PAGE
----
"It's special, because it's like this is how far you've come, and all these people are here supporting you on your day," Jordan Sego said. "For something like Mother's Day, when I thought I was going to lose her, it's something special for me and her."
Sego was diagnosed with Stage 3 breast cancer in May 2013.
"I went to the doctor and I thought there was something wrong, found out that I had cancer and three days later they did surgery," Christina Sego said. "It was that fast, that progressing."
The diagnosis was hard on Jordan, who had just finished his freshman year at Sullivan High School (Mo.). It has only been him and his mom since he was 5.
"First thing that ran through my mind, she's going to die, because I've never been around someone with cancer before and that's the perception," Jordan Sego said.
Sego completed all six of her chemotherapy treatments and 33 radiation treatments within a five-month period. She still takes medication.
The treatment took its toll, but she had to stay positive for her son.
"He's everything to me, he's the reason why I got up every day, the reason that I fought so hard," Christina Sego said. "He gave me a desire to want to live, even through the darkest times. Even when I felt like giving up, I couldn't, because I knew that I had a son and he needed me more than anything in the world."
The Honorary Bat Girl program was introduced in 2009 to raise additional awareness and support for the annual "Going to Bat Against Breast Cancer" initiative celebrated on Mother's Day. Going to Bat Against Breast Cancer is a Major League Baseball initiative supported by MLB charitable partners, Stand Up To Cancer and Susan G. Komen. This initiative raises awareness about the breast cancer cause, while also raising funds to support breast cancer research.
Both teams wore uniforms with pink designed in them. The Cardinals' iconic birds on the bat logo was pink, and they wore gray caps with pink lettering.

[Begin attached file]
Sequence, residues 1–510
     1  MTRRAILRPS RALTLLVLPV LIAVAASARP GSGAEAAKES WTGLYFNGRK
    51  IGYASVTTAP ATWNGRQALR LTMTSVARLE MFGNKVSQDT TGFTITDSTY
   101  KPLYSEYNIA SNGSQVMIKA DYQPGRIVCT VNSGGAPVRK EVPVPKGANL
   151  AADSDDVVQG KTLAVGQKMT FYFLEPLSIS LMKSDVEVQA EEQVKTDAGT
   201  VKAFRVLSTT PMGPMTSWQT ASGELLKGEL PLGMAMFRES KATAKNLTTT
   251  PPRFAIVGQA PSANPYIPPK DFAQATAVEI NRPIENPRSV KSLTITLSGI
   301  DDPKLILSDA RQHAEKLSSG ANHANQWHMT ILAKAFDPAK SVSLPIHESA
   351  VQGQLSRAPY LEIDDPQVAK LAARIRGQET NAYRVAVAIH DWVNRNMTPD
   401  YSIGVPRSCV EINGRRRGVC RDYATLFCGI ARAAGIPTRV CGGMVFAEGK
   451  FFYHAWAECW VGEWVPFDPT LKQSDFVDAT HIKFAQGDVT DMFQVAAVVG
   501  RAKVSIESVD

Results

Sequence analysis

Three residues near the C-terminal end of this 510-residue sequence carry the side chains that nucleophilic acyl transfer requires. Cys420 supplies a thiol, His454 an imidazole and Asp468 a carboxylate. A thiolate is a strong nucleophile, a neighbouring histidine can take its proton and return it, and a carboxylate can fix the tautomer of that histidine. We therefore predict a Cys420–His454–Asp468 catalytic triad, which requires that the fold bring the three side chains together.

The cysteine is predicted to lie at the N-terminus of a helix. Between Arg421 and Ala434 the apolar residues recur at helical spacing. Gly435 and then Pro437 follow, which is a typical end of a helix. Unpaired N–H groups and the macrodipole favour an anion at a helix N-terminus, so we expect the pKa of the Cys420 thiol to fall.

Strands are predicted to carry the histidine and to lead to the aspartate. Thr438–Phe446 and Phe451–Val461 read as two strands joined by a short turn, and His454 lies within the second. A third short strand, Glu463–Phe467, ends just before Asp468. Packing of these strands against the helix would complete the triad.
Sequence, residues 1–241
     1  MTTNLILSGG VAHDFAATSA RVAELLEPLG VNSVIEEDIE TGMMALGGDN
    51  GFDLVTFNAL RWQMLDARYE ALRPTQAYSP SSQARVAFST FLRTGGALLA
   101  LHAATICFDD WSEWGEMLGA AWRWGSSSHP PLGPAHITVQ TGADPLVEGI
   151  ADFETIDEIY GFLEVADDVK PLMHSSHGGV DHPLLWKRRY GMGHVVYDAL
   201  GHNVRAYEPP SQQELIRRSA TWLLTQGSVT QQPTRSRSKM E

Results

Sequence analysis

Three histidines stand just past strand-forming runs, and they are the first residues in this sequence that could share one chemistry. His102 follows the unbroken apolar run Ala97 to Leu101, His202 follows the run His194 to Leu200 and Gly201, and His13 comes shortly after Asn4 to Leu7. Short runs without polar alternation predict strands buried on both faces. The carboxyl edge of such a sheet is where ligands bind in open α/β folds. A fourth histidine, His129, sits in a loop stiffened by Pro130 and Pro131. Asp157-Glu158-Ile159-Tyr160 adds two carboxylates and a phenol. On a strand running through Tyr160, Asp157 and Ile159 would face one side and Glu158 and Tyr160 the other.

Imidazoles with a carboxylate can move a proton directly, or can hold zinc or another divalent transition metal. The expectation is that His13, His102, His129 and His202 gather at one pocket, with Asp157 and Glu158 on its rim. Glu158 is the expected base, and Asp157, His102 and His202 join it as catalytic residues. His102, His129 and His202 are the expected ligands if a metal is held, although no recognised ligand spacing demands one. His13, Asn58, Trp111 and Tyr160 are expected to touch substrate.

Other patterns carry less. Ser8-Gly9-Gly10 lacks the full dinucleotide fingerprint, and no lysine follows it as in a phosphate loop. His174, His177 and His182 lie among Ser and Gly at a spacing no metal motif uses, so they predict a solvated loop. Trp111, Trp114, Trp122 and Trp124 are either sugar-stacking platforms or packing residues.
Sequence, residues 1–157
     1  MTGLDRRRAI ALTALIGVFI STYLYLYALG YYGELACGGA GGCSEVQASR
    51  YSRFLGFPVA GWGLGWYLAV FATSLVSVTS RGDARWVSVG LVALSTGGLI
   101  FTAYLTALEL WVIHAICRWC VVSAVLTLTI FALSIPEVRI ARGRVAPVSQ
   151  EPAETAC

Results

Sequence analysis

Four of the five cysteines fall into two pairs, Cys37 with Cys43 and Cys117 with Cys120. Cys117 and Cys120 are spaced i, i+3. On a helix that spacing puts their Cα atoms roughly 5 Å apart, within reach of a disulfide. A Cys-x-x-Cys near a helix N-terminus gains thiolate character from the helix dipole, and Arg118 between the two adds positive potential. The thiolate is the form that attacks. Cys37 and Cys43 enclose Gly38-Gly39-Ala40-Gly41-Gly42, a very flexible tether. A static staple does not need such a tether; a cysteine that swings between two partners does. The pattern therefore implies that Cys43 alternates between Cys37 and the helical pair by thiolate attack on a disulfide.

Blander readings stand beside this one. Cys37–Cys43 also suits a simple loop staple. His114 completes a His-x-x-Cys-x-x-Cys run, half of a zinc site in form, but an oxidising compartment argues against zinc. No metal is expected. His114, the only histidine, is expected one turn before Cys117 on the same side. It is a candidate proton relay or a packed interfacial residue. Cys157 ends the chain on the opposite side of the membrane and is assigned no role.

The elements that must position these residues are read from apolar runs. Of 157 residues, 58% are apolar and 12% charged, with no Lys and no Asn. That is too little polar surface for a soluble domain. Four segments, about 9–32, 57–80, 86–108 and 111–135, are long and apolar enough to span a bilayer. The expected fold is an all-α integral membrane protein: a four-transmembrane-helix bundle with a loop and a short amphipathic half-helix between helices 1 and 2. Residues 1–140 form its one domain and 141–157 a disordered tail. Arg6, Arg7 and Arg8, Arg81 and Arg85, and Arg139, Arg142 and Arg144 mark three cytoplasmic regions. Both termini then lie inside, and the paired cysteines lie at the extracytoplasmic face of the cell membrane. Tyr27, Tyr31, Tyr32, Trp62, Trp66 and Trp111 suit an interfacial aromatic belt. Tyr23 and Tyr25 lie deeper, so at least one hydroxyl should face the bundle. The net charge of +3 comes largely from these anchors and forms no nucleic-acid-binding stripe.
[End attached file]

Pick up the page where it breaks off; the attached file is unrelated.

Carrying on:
Authentic game-used Louisville Slugger pink bats and other gear from Mother's Day games will be auctioned exclusively at MLB.com, with proceeds benefiting the fight against breast cancer. The complete Mother's Day collection -- which includes the special caps and jerseys being worn by players on Sunday -- is available at the MLB.com Shop.
Every team honored a bat girl. Sego and the others were picked from a panel of judges to recognize baseball fans who have been affected by breast cancer and who demonstrate a commitment to supporting the fight against the disease.
Sego, a 7th grade Social Studies teacher at Sullivan Middle School, has tried to use her story as a lesson to her students.
"My students have been very big supporters through all of this," Sego said. "After I finished my last chemotherapy, I went back to school four weeks after that with no hair, no hat, anything. It was good for them to see somebody who looked like me so that they'll be more empathetic to others that they see, because there's such a stigma when people see someone with no hair and they'll stare and they'll make rude comments. But if I taught them anything, it's to be accepting of everyone."
Sego said she practiced her pitching with her boyfriend, Nathan Shelton, who accompanied her to the game with Jordan and Sego's cousin, Vic Moss. They had plenty to celebrate with Sego's health and Jordan's upcoming high school graduation.
"It just shows me that you can do anything," Jordan Sego said. "She battled through it. Yeah, it was a tough battle, but you just can't give up. Anything's possible, and it was nice to see how much she loves me to push through that and not give up."
Christina Sego said early detection is the key.
"It's never too early to start [checking monthly]," Sego said. "If you see or feel the littlest thing wrong, you should see the doctor as soon as you can, because it doesn't matter how old you are or how careful you are, it can happen to anybody."
Joe Harris is a contributor to MLB.com based in St. Louis.